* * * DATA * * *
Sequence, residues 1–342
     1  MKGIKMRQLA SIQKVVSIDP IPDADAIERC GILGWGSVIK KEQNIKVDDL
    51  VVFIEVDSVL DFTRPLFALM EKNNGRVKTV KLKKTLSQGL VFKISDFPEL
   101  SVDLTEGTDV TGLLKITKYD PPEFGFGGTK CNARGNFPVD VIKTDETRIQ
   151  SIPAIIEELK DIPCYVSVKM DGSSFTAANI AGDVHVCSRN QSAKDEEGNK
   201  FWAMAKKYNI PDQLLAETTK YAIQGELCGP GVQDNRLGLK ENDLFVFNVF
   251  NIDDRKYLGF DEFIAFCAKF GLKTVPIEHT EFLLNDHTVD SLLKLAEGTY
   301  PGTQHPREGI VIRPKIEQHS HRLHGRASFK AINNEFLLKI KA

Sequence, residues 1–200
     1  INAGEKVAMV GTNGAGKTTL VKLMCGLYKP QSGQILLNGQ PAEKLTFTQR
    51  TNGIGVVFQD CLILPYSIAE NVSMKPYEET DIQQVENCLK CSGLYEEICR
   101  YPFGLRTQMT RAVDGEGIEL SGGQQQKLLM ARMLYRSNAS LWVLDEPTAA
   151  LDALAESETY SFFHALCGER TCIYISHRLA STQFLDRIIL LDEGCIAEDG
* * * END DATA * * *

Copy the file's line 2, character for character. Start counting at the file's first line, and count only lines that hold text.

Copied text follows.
     1  MKGIKMRQLA SIQKVVSIDP IPDADAIERC GILGWGSVIK KEQNIKVDDL